Now here’s a scary thought for ya. The Nintendo 64 cult-classic, Conker’s Bad Fur Day, almost featured zero voice-acting.

Yes, you read that right.

Could you imagine the game’s opening scene, without a voice?

What about the countless one-liners?

Would simple text have delivered the same type of emotion?

Luckily for millions of gamers that would experience the title, Chris Seavor and his team, stood by their decision to make the game different. They knew it wasn’t Mario 64. It wasn’t even Banjo-Kazooie. They knew it needed to be more. And they never stopped fighting for it.

Even when no one else would.

“There were a few nay-sayers,” The game’s primary writer and designer, Chris Seaver said. “One, in particular, saying ‘Can’t be done. We tried it and it was too much work!’ Now, saying that to me was like a red rag to a bull, but saying it to Robin Beanland was like laying down a challenge, one we both accepted and relished !! (Robin was our audio guy and still working hard on Sea Of Thieves as we speak!) Now, say what you like about the humor or some of the design or whatever but the voice work and how it all fitted into the mix I think is pretty much perfect. It set the tone for the game right off the bat and gave the rest of the team, and also management, a very clear early slice of what I was trying to do with the game. So thanks for that comment Mr. K, you motivated us to prove you wrong.. Heh! (We’re good friends really…).”

All of a sudden, a game that was once left out by the curb, with little chance of success, had something many games would die for, character, in spades. The dedication of the team and the fact that Bad Fur Day wasn’t scared to take things in directions no other game did before were proof of that. It ended up being the game’s saving grace.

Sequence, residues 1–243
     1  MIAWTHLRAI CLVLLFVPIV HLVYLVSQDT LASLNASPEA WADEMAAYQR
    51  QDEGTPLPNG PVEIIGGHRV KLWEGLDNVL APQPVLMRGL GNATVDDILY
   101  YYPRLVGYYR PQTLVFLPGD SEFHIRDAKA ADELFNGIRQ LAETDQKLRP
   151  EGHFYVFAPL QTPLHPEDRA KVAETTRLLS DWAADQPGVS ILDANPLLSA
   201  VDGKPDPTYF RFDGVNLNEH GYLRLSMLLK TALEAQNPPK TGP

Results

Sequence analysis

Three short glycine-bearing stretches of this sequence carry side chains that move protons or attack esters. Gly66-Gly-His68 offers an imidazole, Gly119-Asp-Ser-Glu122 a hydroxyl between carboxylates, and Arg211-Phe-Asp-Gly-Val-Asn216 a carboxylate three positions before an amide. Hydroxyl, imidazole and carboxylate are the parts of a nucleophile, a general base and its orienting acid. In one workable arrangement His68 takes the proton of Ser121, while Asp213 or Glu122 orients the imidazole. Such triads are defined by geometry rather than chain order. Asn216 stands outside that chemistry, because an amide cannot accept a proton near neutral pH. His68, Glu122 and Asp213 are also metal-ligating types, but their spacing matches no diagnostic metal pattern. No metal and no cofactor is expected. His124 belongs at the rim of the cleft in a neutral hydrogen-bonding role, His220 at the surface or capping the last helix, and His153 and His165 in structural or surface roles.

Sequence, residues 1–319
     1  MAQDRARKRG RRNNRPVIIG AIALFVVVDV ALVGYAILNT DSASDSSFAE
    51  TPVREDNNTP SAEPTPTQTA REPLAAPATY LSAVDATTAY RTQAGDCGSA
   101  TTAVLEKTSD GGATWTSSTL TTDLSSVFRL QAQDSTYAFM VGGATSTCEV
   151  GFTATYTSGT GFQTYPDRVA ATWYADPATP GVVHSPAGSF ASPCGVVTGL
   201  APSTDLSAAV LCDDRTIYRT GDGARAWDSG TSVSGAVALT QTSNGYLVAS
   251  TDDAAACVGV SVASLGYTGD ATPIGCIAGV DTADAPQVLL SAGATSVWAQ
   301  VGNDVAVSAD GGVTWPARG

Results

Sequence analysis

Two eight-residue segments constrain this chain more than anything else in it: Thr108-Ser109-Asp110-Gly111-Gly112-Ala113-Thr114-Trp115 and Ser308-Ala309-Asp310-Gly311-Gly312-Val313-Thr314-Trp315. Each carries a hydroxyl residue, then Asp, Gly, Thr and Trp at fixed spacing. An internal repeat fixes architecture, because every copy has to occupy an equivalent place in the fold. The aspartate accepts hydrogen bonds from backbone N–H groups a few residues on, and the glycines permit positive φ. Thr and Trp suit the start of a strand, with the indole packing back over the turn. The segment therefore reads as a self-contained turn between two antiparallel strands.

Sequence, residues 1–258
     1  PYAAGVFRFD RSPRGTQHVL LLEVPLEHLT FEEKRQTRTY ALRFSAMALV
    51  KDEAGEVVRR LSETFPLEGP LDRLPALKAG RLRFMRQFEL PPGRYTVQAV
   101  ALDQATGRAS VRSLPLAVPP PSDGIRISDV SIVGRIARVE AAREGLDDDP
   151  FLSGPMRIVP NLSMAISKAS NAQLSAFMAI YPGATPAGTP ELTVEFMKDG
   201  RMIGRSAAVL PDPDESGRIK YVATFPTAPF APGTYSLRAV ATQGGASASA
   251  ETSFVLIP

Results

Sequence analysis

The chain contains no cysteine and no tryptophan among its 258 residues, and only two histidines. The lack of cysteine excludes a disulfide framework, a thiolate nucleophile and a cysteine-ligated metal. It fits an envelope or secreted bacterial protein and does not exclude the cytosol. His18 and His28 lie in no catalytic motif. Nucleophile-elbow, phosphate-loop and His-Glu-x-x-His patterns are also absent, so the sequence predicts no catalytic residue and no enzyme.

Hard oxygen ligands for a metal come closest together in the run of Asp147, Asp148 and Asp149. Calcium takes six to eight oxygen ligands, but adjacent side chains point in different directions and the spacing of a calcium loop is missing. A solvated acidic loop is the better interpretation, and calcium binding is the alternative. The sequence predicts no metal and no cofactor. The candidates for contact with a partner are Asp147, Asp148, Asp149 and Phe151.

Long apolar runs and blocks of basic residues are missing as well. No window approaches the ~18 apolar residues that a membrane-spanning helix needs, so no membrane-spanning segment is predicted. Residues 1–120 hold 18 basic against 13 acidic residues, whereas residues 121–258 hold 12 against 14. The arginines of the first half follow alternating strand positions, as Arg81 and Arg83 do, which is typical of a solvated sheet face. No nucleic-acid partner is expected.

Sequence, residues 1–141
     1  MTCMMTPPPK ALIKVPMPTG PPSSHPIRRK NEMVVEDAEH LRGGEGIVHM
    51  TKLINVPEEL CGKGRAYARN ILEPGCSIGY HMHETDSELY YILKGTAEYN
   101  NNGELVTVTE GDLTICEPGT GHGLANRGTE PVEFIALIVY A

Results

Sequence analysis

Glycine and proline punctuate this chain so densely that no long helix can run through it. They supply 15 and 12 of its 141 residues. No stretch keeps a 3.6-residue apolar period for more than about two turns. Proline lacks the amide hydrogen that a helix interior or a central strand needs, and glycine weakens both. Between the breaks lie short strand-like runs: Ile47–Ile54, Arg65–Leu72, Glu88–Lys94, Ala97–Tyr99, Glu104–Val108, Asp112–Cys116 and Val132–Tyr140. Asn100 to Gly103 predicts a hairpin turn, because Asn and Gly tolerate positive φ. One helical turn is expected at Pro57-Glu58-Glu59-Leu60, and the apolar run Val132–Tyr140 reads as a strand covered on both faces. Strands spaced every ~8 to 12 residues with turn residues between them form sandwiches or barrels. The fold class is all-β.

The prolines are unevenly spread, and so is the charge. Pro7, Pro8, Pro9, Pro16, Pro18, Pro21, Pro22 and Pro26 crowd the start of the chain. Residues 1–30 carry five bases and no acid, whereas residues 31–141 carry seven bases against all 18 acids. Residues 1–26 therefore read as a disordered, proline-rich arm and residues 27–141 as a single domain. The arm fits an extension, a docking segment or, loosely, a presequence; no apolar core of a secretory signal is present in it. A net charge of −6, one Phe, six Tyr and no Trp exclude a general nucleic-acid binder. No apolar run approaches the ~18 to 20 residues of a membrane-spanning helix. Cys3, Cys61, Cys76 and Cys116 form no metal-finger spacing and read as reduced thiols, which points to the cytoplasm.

“Conker is chocked full of little moments and scenes that to this day I’m still amused when I see them, too many to mention really,” Seavor said. “A few people latched onto some of the toilet style humor in the game, and it’s there certainly early on when I was finding my feet about what would work, poo jokes always land you see.  I think as the development phase matured the humor got a bit tighter and edgy and dare I say ‘clever.’

“There’s a scene, once again in the ‘It’s War’ section where Conker comes across a fellow soldier all beaten up and strapped into an electric chair. The player is given two choices: One which fries his friend and the other which opens the doors and lets the player continue. Of course, it is with great relish as a designer that no matter which lever you pulled first the poor chap in the chair would always get fried. For ages- that little bit too long for comfort and that long wait is exactly why the punchline really works in my opinion, because after a minute of torture, eyes popping out and brain turning to mush, Conker says, ‘Oh, hang on… maybe it’s the other one…’ Never fails to make me chuckle.”

Patrick Hickey Jr. Patrick Hickey Jr. (326 Posts)

Patrick Hickey, Jr., is the founder and editor-in-chief of and a lecturer of English and journalism at Kingsborough Community College, in Brooklyn, New York. Over the past decade, his video game coverage has been featured in national ad campaigns by top publishers the likes of Nintendo, Deep Silver, Disney and EA Sports. His book series, "The Minds Behind the Games: Interviews With Cult and Classic Game Developers," from McFarland and Company, has earned praise from Forbes, Huffington Post, The New York Daily News and MSG Networks. He is also a former editor at NBC and National Video Games Writer at the